A few days later I walked with my lawyer over to the courthouse and met with the judge in his office. For a judge he struck me as being a little brash and rude and not terribly dignified. He wore a ridiculously artificial-looking toupee and had on a garish plaid sport jacket. He didn’t look at me as he asked his questions. It was as if I weren’t even in the room and he were addressing the wall. When he got to the question about why I was seeking to divorce my wife, something changed in me this time, a sudden lack of inhibition, and I started to talk about how Diana had unpredictable and extremely intense outbursts of rage and paranoia that would last for days, and that she wouldn’t admit that she had a problem or get help for herself, and so on. My lawyer looked like he might have been a little alarmed but he didn’t say anything. The judge actually looked at me this time, and cut me off, apparently having heard enough to satisfy him. He went on to the next question and it was all very routine from then on.
Diana was served with the divorce paperwork and she didn’t contest it. I heard that she graduated with high honors from the University of West Florida with a degree in psychology, then went on to enter their master’s degree program. A few years later I heard that she had entered a Ph.D. program in psychology at Auburn University but I don’t know what happened to her after that. My stepson Arnie went on to have a successful career as an actor and comic. My stepdaughter Deedee, who had an amazing singing voice, went to Florida State University to study music but I don’t know what she did after that. I don’t know what my stepson Toby is doing. It’s a much different world now and we are all different people than we were. I send them all my love, Diana too.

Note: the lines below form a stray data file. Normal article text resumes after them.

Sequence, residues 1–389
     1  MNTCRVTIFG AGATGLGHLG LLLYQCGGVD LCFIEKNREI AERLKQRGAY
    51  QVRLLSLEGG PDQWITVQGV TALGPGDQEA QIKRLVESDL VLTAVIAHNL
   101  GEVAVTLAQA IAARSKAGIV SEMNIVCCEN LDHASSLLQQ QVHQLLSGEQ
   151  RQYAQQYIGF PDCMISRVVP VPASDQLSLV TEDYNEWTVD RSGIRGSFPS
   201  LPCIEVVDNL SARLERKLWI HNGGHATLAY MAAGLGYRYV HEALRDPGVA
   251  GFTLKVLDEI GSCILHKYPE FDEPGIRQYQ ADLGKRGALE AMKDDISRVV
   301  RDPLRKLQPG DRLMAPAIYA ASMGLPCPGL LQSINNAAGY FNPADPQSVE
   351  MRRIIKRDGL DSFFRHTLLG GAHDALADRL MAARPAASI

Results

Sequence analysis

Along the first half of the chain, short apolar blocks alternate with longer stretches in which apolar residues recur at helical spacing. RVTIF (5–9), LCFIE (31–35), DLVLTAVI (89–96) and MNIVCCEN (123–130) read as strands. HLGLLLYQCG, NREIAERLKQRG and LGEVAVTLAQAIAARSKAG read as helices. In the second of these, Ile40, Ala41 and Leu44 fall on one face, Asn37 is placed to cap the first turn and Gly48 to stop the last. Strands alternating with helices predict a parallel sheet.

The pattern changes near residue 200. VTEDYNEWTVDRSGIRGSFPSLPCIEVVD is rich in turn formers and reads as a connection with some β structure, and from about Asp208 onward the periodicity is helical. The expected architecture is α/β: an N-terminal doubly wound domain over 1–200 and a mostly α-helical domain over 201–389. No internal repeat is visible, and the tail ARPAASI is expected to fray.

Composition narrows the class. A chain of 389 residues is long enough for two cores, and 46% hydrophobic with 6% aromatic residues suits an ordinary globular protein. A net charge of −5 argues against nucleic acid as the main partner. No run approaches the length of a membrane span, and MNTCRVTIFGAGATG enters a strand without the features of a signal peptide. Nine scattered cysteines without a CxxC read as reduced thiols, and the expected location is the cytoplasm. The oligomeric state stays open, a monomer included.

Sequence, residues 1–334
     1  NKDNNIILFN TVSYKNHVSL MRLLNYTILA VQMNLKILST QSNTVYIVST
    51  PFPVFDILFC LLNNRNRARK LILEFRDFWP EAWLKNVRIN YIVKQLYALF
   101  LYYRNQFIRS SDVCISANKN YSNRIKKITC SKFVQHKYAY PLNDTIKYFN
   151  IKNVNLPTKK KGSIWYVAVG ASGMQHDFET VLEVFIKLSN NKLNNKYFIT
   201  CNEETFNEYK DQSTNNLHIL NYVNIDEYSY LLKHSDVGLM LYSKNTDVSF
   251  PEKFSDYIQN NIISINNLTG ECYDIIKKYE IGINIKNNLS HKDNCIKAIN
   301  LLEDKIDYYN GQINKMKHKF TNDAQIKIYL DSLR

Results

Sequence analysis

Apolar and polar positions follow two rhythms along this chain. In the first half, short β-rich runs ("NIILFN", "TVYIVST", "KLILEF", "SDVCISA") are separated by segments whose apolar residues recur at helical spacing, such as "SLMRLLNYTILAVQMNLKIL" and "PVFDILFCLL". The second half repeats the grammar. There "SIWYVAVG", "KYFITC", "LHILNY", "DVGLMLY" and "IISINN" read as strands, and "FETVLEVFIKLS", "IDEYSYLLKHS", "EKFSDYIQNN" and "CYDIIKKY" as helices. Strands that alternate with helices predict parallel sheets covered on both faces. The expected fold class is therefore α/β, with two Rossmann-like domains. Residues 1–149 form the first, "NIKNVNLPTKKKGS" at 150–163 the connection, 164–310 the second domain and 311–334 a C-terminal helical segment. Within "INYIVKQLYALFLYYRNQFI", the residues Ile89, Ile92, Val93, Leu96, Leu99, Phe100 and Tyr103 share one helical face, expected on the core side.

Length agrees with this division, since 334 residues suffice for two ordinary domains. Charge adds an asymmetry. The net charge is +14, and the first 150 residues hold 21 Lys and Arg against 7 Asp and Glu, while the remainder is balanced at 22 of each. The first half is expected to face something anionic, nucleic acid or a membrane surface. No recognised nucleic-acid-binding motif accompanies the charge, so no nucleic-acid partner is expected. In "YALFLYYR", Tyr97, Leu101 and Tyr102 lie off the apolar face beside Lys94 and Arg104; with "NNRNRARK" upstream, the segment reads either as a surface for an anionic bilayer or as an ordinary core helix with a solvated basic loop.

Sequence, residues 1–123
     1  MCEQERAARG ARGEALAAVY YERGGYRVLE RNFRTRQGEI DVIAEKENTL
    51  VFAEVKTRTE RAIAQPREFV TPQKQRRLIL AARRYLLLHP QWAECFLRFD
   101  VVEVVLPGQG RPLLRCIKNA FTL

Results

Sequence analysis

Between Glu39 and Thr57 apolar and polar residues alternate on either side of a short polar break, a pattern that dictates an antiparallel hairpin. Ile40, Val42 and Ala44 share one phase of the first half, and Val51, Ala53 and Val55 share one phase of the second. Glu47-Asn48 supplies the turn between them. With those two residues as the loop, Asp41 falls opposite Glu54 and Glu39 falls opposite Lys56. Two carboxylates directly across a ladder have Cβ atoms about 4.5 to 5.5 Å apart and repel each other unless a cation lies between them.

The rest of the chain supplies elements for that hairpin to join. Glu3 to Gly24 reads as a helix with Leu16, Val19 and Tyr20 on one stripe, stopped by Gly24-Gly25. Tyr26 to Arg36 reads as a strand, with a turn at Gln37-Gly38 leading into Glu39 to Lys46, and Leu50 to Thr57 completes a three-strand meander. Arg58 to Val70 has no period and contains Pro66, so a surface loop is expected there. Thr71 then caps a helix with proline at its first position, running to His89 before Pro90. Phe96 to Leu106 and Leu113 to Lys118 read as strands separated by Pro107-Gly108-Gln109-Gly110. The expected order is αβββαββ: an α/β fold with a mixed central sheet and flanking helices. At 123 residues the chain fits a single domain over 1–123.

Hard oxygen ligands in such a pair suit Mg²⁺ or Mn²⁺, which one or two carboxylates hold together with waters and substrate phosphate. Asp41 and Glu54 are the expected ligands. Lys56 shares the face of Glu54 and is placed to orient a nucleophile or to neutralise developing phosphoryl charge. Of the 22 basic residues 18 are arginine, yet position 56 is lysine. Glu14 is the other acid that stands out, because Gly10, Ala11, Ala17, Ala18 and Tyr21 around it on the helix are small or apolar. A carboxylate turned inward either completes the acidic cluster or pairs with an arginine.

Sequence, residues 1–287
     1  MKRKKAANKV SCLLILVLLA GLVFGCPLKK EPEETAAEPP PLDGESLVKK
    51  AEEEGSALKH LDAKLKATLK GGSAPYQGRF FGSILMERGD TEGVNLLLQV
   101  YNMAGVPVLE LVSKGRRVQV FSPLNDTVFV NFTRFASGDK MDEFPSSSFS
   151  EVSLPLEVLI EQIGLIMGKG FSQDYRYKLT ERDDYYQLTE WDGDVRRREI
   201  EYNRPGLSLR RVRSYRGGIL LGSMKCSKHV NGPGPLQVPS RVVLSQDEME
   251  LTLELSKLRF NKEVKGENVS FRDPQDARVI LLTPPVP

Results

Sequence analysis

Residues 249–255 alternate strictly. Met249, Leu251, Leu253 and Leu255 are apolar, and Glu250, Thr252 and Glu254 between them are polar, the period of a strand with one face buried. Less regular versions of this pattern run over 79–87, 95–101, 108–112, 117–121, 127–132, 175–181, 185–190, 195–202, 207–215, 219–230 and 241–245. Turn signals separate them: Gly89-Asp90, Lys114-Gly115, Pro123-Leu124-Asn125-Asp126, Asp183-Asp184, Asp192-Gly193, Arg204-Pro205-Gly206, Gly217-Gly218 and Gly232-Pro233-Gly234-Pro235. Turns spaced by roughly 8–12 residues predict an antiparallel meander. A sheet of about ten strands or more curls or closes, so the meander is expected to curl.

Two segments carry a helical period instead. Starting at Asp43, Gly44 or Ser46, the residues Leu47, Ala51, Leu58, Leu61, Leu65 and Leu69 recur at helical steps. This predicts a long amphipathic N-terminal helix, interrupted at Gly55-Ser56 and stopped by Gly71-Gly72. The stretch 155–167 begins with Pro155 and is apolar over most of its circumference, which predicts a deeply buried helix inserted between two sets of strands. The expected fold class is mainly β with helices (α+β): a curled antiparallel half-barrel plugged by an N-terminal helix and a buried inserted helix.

Exit

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[1985]: It was difficult. Diana and I, at her suggestion, started going to see a marriage counselor, Dr. Saywell. These marriage counseling sessions were strange and frustrating. Diana and I talked about our problems and Dr. Saywell rarely offered any significant commentary on our problems, but listened carefully to everything we said, absorbing it all. He seemed to have an unlimited capacity for absorbing other people’s anguish. Diana mainly expressed her paranoia about me and her kids, how we were all bent on destroying her life, etc., and I talked about my frustration in not being able to get through the barrier of her paranoia and communicate with her. Nothing ever came of these counseling sessions. It was all just empty talk.

I stayed with Diana as long as I could, which was probably about a year and a half. I clung to the remnants of our marriage with an instinctive desperation, like a shipwrecked man clinging to a piece of wreckage to try to keep himself from drowning. I stayed through her fits of crying and screaming that typically went on for hours (sometimes days) and that often included throwing herself against the walls and against the floor, and her paranoid rages against me and her own children, and her threats of suicide. When I finally called it quits it was because I felt I was close to my breaking point. I was so severely stressed that I was afraid that in some blind paroxysm of intense despair, brought on by another of Diana’s psychotic rages, I might actually kill myself or even kill someone else. I moved out of the house I had been renting with her and into my mother’s house. It was a strange feeling, like suddenly moving to a foreign country. Being freed up from the immediate emotional stress of having to deal with Diana, I felt as if I didn’t recognize myself. I was disconnected from the world and emotionally numb. Everything around me looked different than it had before, strangely devoid of substance. I walked around staring at ordinary things, trees, buildings, cars, people walking, as if I were seeing them for the first time. I had a feeling that a big heavy line had been drawn through my life dividing the before from the after, and that I was a different person after than I had been before, and that from then on I would always be conscious of my life consisting of these two separate parts, and of myself as consisting of these two different identities. I didn’t know yet that eventually there would be many more such cruel, heavy lines drawn through my life at various points in time, and many more different selves that I would become along the way as a result.